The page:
The Dying Luxury Shopping Experience

Last Saturday night my fiance and I decided to get in the holiday spirit and go shopping downtown. We live in Chicago but generally try to stay away from the insane Midwest tourist mania on Michigan Avenue – but once a year we head over to check out the Christmas lights. As we walked down the “Magnificent Mile” we wandered in and out of a number of stores including Saks Fifth Avenue and Neiman Marcus. These are both nice stores with luxury brands, but something wasn’t right. The stores were all completely dead – this is a nice Saturday night in downtown Chicago during holiday season and we were literally two of the only five customers in each of the stores. At Neiman Marcus the only customers in the entire store were all huddled in the Goyard stall looking at the signature $1,750 canvas bags from the French brand – the rest of the store was completely empty. At Sak’s I literally counted five people in the whole store. Yes, I know there are insane markups on everything in these stores from La Mer face cream ($500 wtf?) to $4,000 Gucci totes, but seriously how can these stores stay in business when no one is visiting them on a Saturday night? Also, why is no one visiting? I think I know why.

The overall sales experience at both Saks Fifth Avenue and Neiman Marcus were completely underwhelming and honestly a bit sad. If you seriously want me to buy a $1,500 anything in your stores you need to make it feel like I am getting both a great experience and great service. That shouldn’t be too much to ask. Both of these stores need to change the whole experience and more importantly actually make it an experience. While shopping at both the Chicago Sak’s and Neiman Marcus stores I was struck by how un-engaging the sales people actually were – they all appear like a bunch of medicated suburban middle aged men and women with bad hair dye jobs. One of the men helping us at the cologne counter had such bad dandruff you could literally see it on the counter. Another thing I noticed – there wasn’t any music playing in either of the stores – it was almost dead silent.

In this mornings Sunday New York Times there was a timely article “Face-Lift for a Fifth Avenue Legend” about how Saks Fifth Avenue’s plan to revamp their flagship fifth avenue store, but unfortunately for these retailers the expensive overhead of keeping the lights on for their stores is likely unsustainable no matter how much they try to evolve or improve the retail shopping experience. In my opinion there is likely very little that can be done to save the dying luxury shopping experience. If I as a 30 year old Millennial with disposable income is the consumer that these luxury stores are trying to attract they need to do a lot more than making their stores look prettier and easier to walk through.

My Saks and Nieman Marcus experiences were a stark contrast to the experience I had a few blocks over while shopping in the new Chicago Uniqlo store – the Japanese brand known for great clothes at low prices. I was only buying a $100 blazer and the experience felt more luxurious and the service was a lot better than at both Sak’s and Neiman Marcus. There was dope electronic ambient music, cool lighting, and an overall vibe that made me want to hang around for awhile. It just felt cooler. Luxury stores could learn a lot from Uniqlo. They need a better vibe.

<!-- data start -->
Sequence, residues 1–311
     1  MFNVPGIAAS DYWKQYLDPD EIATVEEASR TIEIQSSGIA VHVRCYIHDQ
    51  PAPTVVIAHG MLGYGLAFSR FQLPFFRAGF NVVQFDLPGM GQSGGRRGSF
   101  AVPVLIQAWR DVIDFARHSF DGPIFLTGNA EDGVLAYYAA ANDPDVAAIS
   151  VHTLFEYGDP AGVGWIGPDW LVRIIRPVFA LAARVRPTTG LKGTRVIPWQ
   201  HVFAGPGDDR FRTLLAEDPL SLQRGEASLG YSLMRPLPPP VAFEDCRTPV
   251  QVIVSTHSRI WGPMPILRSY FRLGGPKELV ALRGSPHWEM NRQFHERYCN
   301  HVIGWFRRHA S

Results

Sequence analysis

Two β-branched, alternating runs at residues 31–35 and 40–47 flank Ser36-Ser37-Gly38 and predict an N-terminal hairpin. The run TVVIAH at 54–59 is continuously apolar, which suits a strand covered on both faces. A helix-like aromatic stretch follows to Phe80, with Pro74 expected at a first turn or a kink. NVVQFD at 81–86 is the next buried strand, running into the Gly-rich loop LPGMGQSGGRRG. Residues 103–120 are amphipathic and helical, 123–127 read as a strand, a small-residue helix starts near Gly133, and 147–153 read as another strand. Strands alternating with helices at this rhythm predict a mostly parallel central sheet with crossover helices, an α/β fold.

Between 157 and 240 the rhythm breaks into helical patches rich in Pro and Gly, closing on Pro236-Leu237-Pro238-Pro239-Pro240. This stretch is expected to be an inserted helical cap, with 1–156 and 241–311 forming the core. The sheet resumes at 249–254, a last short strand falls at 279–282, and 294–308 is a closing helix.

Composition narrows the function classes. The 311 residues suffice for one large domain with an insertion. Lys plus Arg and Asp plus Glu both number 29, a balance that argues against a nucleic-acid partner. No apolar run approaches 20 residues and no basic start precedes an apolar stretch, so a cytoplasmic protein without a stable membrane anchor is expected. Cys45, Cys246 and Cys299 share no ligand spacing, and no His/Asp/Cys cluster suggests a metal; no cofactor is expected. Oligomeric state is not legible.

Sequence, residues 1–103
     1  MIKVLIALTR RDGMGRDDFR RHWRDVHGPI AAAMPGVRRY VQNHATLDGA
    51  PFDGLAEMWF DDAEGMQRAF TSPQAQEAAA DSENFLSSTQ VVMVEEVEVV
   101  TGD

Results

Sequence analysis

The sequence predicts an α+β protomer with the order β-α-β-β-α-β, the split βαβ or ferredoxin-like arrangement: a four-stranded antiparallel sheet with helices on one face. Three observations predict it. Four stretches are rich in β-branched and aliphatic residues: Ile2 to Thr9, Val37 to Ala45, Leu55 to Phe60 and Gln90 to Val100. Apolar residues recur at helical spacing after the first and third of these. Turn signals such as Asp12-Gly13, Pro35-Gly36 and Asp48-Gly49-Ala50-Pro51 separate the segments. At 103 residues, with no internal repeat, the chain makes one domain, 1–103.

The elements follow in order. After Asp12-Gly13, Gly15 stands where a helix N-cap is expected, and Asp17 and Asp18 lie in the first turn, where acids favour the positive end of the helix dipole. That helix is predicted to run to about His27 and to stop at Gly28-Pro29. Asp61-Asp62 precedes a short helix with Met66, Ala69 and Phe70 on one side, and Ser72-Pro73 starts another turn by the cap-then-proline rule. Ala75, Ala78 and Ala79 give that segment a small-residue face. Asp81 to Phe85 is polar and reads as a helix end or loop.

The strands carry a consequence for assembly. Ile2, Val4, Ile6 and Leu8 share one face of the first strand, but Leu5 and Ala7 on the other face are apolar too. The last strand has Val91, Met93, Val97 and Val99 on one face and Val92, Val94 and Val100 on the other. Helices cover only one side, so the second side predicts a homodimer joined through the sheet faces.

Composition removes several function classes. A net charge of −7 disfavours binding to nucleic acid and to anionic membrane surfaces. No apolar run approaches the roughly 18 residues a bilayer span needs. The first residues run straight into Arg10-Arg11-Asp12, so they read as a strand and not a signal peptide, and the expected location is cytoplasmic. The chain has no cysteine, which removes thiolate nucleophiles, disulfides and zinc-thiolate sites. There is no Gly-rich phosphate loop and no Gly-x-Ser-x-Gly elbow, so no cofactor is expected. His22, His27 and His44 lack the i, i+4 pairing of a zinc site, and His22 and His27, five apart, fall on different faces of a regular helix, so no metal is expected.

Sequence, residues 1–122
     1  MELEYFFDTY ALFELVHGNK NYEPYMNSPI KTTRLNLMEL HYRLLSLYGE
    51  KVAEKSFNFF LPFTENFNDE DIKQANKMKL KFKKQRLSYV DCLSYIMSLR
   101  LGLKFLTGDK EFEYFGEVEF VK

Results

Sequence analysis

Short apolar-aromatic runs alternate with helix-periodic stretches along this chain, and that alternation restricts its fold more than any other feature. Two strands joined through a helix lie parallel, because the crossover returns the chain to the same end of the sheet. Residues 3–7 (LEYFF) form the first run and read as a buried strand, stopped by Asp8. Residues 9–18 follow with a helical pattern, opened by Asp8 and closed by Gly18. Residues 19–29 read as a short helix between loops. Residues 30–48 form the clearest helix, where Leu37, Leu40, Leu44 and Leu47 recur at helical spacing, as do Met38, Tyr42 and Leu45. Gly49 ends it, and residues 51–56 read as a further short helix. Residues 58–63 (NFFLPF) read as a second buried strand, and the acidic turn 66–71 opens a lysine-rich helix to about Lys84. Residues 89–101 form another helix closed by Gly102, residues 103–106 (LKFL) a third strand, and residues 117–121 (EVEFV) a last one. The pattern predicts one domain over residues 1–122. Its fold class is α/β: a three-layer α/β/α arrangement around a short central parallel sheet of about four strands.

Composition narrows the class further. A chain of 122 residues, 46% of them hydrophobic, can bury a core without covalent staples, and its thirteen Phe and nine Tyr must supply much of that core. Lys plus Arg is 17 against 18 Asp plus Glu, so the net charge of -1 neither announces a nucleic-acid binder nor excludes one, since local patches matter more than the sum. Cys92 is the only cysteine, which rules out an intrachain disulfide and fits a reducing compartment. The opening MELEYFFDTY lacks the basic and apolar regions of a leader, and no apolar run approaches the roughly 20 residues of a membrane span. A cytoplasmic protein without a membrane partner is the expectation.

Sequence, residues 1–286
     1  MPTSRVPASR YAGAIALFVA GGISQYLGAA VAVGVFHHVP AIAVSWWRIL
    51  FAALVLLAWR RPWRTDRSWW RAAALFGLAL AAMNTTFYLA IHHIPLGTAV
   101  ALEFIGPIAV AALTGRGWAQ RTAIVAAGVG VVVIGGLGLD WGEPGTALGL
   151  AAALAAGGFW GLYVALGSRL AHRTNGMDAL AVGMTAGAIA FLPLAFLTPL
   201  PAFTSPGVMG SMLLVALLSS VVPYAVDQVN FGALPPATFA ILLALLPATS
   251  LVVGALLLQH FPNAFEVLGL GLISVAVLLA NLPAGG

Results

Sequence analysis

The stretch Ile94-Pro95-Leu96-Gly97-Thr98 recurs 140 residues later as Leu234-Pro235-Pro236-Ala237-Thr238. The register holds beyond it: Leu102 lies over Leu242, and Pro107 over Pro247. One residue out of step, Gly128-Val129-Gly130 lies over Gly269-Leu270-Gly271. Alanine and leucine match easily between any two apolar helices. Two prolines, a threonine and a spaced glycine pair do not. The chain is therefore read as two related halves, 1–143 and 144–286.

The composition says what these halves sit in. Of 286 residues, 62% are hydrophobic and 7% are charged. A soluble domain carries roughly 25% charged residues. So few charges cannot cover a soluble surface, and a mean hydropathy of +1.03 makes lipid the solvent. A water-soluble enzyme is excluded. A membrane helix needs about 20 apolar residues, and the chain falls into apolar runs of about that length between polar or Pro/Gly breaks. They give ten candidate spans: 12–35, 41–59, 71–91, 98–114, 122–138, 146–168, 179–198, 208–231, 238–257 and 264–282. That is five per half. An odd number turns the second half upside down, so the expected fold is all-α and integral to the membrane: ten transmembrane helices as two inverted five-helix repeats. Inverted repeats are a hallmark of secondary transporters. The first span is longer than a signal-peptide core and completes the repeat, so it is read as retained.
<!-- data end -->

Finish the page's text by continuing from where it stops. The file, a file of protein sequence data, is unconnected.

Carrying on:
Also the whole time I kept thinking how I could get a better deal online. Like anyone I found myself checking my phone for cheaper prices of Tom Ford’s Oud Wood – literally the best smelling cologne ever. At $300 a bottle I knew there had to be a better deal somewhere and sure enough, with two clicks I ordered it for $50 cheaper from an reputable online store. Of course I know I am part of the decline – window shopping and testing products in a store and then buying them somewhere else that’s cheaper. But why should I have to pay a premium for the experience – the mark-up on the products is already so high, I think these luxury retailers need to re-assess where they make their investments. They need to have both competitive prices and create a luxurious shopping environment – not an easy feet by any measure. All of the recent data reveals that we Millennials are starting to spend more money on luxury brands, but we are doing a lot of it online. If the luxury stores want to get us into stores and buy luxury products you have to actually make it feel luxurious. This will not be easy to do.

Grant Sabatier

Creator of Millennial Money and Author of Financial Freedom (Penguin Random House). Dubbed "The Millennial Millionaire" by CNBC, Grant went from $2.26 to over $1 million in 5 years, reaching financial independence at age 30. Grant has been featured in The New York Times, Wall Street Journal, BBC, NPR, Money Magazine and many others.

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